If we’re following Jesus in our friendships, people who don’t know Christ should look into our church and be astonished by how we love one another.  They should look at the depth of our relationships and our joy in one another and be captivated.  There should be people coming to Restoration City simply because they want in on our kind of friendships.  And in the course of their time with us, they should see that our community is shaped by our King.  What makes us distinct isn’t that we’re nicer people, it’s that we’re being transformed by the Spirit and conformed to the gospel.

I’m praying these will be seven culture shaping weeks for us at Restoration City.  I’m not after head knowledge about community and friendship.  I’m asking God to deepen our relationships and conform them to the truths of the gospel.  I’m ready for this series.  I need this series.  I can’t wait to see what God does with it.

Where Did All My Friends Go?

Friends

Do you remember how big of a deal your friends were in high school and college?  They were everything – my guess is you wanted to do everything with them, spend as much time with them as possible, figure out life with them and just be yourself with them.  They were a source of encouragement, rebuke, understanding and joy.

But the whole concept of friendship seems to take a real beating in our 20’s.

There’s a sea of new relationships to navigate.  For the first time in our lives, we have coworkers and apartment mates.  Dating relationships get more serious and start to turn into marriages.  Kids enter the picture with all of their play dates, preschools and weekends at the playground.  Every one of these changes is good.  But many times they come at the expense of our friends.  If we’re not careful, we can wake up in our 30’s and realize we don’t really have any close friends.

It’s interesting to see how concerned Solomon was with friendship when he was writing the proverbs.  Consider just a few:

  • A friend loves at all times, and a brother is born for adversity. (Prov. 17:17)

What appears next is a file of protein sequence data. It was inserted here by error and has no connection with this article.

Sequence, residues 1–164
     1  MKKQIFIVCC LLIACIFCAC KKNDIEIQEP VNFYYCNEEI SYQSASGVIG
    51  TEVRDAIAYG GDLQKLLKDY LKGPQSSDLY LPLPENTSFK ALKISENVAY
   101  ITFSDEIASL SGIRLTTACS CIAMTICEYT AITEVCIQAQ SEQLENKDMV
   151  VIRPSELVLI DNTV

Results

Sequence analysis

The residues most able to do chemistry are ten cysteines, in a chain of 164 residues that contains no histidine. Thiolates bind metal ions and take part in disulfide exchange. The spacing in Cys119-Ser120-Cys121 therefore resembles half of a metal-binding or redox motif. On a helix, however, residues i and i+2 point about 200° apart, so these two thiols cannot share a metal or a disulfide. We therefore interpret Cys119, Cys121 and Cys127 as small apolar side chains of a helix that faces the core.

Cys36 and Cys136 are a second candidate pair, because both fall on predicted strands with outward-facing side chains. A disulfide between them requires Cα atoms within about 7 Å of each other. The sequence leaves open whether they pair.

• A man of many companions may come to ruin, but there is a friend who sticks closer than a brother. (Prov. 18:24)
  • Oil and perfume make the heart glad, and the sweetness of a friend comes from his earnest counsel. (Prov. 27:9)

The wisest man who ever lived seemed to think it was important to have a few close friends.  He needed people who would stick with him no matter what.  He wanted to know he had a few guys in his corner when he failed and needed to be picked up.  He needed people to shoot straight with him.  He needed people who were willing to tell him what he needed to hear even when he didn’t want to hear it.

Honestly, I need the same.  We all do.

But those kind of close friendships don’t happen by accident.  They take time, intentionality and the willingness to ride out a few storms.

So, here’s my question for you if you’re in your 20’s: Who are the people in your life now who you know will be there for you 30 years from now?  Who are the friends you’re going to want to go on vacation with when you’re married and have kids?  Who would you call if the bottom dropped out of life and you needed serious help?  Those are your closest friends.  Prioritize them, invest in them, take the risk of being vulnerable with them, let them into your world and stay involved in theirs.

There are plenty of people who bring joy to our lives for a season.  But my closest friends have been with me through multiple seasons.  We’ve been in each other’s weddings.  We’ve all changed jobs (in most cases, several times).  We’ve all moved.  We’ve seen each other at our best and our worst.  They couldn’t care less that I’m a pastor or church planter.  They just love me.  And I love them.

Don’t let adulthood crush friendship.  Whether you’re in your 20’s, 30’s or beyond, there’s always room to form, strengthen and enjoy the blessings of a few close friends.  You’re life will be so much richer if you do.

You’ve Gotta Say It

I came home from work the other day and started filling Laura in on everything that had happened since we last connected in the morning.  In the course of our conversation, I started talking about a member of our church and said something along the lines of, “I really love that guy and am so grateful for him.”  Laura’s response was so typically female and so incredibly convicting, “Did you tell him that?”

Umm….no!  What’s wrong with you?  Guys don’t talk that way, babe!

Rather than say all that, I just mumbled something like, “no, but I’m sure I will” and quickly changed the subject.  But Laura’s point was right on.  Secret gratitude doesn’t do much good.  But the words “thank you” have tremendous potential to lift, encourage and honor other people.  So many times, I make the mistake of assuming people know I love them or appreciate them.  Don’t fall into that trap.  Be vocal, genuine and generous with your love and your gratitude.

The Apostle Paul (who is not the most touchy-feely guy in the Bible!) did this so well in his letter.  Look at what he says about the church in Philippi in a letter addressed to them, “For it is only right for me to feel this way about you all, because I have you in my heart, since both in my imprisonment and in the defense and confirmation of the gospel, you all are partakers of grace with me. For God is my witness, how I long for you all with the affection of Christ Jesus.” (Phil. 1:7-8)  Talk about swinging for the emotional fences!

You don’t have to be as eloquent as Paul to encourage someone today.  So, let me ask you; Who do you need to text, call or look in the eye and thank?  Who are you assuming knows how much they matter?  Take some time to reach out today and tell them!